Love lessons from astronauts


Covid-19 stresses many couples because they stay at home too often. Some people don’t even want to celebrate Valentine’s Day.

In that context, there is probably no one to give advice on how to better keep the astronauts, who are forced to live in harsh and isolated conditions.

Chris Hadfield, a former astronaut with the Canadian Space Agency, lived in space for a year. One of the best coping mechanisms he learned was to accept his “reality”. “Admit that this is not an interruption or an imposition, it is your life,” advises Hadfield.

Illustration: Nicolás Ortega.

L. David Marquet, former commander of the submarine unit, spent 87 days underwater. “It was the strange combination of isolation and excessive intimacy between several individuals in the same space. And you never see the sun,” describes Marquet.

For Marquet, even when living conditions are reversed, holidays like Valentine’s Day February 14 are very important because they help elevate the human spirit. “On the submarine, we did our best to create a festive atmosphere. Thanks to that, we kept up with the rhythm of the times and the rhythm of life,” he said.

If Marquet’s group goes from January to June, their family will prepare Valentine cards from December, then put them in a closed box, wait until the right day to open. The submarine will also be decorated for a holiday. “People need a sense of festival, even in a pandemic,” Marquet said.

Besides, when living together in limited space, respect for privacy is essential. Marquet said on the submarine, the bed was nearly two meters long and more than one meter wide. “Every bed has a curtain. When you drop the curtains, we will understand you need a private space and respect that. Only in an emergency will we pull the curtains up,” said the former commander.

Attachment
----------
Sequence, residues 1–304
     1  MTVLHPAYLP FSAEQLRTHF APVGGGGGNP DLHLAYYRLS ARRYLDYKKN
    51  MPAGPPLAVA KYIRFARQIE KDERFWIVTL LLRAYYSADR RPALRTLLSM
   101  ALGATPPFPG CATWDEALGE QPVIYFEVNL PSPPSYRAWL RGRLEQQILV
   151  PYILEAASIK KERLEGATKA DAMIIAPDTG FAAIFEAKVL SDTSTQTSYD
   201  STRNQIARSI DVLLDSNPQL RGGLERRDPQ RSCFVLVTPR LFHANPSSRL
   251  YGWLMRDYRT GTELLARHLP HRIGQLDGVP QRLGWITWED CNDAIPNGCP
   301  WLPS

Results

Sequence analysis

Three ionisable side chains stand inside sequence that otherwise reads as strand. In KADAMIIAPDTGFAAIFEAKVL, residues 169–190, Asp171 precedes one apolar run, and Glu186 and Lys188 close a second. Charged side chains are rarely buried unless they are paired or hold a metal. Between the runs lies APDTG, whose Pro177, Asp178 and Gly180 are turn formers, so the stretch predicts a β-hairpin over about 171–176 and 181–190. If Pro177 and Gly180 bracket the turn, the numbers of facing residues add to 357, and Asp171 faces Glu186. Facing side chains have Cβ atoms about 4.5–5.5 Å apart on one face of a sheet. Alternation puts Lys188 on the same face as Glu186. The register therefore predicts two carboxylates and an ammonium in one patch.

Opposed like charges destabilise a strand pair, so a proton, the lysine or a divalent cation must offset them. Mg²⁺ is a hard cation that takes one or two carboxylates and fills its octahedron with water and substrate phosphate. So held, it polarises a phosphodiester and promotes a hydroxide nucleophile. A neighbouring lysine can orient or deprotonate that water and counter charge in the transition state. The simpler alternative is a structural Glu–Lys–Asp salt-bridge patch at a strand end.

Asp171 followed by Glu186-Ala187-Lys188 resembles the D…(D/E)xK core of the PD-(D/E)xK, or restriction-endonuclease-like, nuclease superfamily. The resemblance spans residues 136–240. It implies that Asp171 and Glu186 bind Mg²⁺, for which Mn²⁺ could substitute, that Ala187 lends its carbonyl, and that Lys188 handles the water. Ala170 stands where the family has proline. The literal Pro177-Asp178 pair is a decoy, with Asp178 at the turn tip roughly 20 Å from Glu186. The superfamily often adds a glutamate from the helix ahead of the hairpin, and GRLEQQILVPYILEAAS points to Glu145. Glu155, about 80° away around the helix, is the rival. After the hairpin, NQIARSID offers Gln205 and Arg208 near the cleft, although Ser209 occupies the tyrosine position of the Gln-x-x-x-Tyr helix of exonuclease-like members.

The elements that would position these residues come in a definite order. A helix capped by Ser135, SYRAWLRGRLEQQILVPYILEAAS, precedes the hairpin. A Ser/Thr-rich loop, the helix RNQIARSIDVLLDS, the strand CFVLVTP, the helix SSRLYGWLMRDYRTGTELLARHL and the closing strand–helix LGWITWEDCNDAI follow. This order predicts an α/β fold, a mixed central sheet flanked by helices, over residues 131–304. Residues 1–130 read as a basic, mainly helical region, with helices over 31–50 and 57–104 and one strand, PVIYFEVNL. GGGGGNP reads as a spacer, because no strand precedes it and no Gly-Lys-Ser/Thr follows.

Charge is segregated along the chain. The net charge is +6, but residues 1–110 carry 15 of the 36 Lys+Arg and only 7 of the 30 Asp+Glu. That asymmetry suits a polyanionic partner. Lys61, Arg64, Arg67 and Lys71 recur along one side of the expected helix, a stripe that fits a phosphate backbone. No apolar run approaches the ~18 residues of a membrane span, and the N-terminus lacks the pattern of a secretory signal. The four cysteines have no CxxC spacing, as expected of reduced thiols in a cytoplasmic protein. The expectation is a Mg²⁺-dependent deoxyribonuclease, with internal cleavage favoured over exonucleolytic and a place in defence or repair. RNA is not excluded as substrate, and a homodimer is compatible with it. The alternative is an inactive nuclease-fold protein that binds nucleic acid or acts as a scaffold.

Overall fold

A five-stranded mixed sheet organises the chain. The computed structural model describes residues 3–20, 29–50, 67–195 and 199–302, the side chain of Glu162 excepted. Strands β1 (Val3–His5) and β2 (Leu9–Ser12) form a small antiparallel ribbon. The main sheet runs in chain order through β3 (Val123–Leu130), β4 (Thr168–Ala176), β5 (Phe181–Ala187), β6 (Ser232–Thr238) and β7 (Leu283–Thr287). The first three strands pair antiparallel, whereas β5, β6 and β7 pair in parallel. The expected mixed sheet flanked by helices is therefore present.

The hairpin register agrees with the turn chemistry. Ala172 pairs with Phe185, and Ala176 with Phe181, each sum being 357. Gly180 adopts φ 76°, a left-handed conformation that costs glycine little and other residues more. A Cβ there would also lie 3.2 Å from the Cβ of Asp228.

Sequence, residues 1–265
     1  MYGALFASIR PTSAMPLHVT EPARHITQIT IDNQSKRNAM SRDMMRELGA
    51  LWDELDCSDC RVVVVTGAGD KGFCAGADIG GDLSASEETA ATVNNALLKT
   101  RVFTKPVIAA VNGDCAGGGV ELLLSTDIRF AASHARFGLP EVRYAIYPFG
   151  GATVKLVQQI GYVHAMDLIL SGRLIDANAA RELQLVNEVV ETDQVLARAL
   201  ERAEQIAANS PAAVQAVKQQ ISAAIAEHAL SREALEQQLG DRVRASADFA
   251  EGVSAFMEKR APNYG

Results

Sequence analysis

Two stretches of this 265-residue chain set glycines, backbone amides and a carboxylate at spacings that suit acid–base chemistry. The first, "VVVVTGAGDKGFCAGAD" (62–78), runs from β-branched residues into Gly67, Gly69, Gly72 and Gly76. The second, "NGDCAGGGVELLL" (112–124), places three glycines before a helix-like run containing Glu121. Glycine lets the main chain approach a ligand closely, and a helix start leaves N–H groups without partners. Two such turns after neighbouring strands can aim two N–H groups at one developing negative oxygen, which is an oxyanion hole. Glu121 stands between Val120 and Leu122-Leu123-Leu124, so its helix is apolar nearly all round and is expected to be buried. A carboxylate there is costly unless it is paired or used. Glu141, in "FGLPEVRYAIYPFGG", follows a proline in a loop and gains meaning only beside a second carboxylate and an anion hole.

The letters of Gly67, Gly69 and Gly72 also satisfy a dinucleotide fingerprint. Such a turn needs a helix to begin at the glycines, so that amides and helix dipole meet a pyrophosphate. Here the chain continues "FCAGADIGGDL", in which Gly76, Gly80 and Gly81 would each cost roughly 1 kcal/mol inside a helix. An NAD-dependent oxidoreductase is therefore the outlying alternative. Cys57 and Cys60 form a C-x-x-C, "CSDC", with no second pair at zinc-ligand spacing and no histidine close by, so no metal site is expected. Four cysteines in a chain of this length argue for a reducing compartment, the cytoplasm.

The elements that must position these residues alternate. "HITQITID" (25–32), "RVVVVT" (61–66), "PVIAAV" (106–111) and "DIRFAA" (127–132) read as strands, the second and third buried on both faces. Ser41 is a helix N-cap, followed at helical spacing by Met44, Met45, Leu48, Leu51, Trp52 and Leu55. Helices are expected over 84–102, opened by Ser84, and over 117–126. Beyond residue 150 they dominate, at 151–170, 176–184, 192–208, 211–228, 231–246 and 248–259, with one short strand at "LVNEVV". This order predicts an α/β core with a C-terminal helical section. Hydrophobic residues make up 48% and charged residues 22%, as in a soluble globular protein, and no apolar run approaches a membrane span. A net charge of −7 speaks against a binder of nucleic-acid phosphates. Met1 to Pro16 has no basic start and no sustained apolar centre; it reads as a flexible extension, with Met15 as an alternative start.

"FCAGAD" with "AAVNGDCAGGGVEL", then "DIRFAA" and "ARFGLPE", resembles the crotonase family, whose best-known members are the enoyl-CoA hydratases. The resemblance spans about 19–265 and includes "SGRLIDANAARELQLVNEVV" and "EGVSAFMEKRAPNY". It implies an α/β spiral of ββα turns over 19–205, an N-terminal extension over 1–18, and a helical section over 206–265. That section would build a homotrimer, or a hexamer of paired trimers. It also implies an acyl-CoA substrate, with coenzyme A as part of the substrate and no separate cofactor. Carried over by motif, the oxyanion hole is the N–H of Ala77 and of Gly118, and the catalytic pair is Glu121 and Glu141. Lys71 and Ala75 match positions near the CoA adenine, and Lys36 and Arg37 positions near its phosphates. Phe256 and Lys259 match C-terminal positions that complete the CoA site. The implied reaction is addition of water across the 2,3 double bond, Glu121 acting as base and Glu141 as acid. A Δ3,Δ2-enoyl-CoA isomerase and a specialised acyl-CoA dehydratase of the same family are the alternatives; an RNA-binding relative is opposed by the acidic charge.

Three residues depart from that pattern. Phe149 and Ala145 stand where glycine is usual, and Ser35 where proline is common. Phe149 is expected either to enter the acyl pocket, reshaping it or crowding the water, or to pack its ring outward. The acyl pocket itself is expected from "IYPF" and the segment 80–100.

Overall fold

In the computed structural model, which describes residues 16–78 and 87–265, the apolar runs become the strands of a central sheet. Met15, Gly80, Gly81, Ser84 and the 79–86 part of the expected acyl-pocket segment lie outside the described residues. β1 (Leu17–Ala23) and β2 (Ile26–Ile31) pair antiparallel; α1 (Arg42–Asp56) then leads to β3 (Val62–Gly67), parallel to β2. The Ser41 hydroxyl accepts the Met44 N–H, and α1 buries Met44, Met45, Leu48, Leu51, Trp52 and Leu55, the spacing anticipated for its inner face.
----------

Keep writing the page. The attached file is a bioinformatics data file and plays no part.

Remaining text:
With families, Marquet suggests that all members agree on the principle of respect for privacy. If someone is “pulling the iconic curtain” for their own space, others should avoid disturbing you, even if you live in a small apartment and easily see each other.

Humor and optimism are also helpful in harsh situations. “We joked that life was bad, but at least water did not enter the compartment, then laughed,” Marquet said.

An unwritten rule on a submarine is “think in a positive direction”. For example, if two people bump into each other, they’ll apologize and then let go. If someone is harsh, they are not in a hurry to conclude that the opponent is too much. According to Marquet, make sure that everyone respects you. If someone behaves inappropriately, it is due to stress, for example staying at home too much and having to meet on-line all the time.

Mike Massimino, a former NASA astronaut who has flown two shuttle missions, says maintaining habits is important. “Without a fixed schedule, your mind will wander,” he said.

In order to maintain peace, Massimino advises each of them to clean themselves after using something. “In space, if someone messes up, everything will soon go away,” he explained.

Jane Poynter, a team member of eight scientists who lived for two years in the Biosphere 2 greenhouse in Oracle, Arizona, added: “Sometimes, we feel we need to create a little noisy events in our lives. daily”. For example, they play loud music and dance together.

Jeffrey Donenfeld, an investment manager who has spent three months cooking in Antarctica, said what helped him through his time in the distance is solidarity. “Everyone there has a shared mission and we are not alone,” Donenfeld said. “I try to repeat this with my wife and children. The time is difficult, let’s stay together and keep safe to overcome.”

From your “staying normal on this unusual series” experience, try to celebrate the holidays, even if they are a little different this year. Instead of dining out in the restaurant, you can cook yourself at home, buy chocolate or write messages for your partner.

Anyway, even astronaut Chris Hadfield sent flowers to his wife on Valentine’s Day, even though he was on the International Space Station.

When asked if he ordered flowers before, Hadfield replied, “No. I called to order flowers from space.”

Thu Nguyet (Follow New York Times)

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